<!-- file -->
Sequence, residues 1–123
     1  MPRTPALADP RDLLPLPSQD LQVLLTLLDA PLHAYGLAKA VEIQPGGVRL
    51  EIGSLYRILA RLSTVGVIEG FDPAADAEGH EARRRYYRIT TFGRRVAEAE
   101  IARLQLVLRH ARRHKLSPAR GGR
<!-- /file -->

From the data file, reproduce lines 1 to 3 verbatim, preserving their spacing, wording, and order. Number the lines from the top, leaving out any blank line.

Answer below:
Sequence, residues 1–123
     1  MPRTPALADP RDLLPLPSQD LQVLLTLLDA PLHAYGLAKA VEIQPGGVRL
    51  EIGSLYRILA RLSTVGVIEG FDPAADAEGH EARRRYYRIT TFGRRVAEAE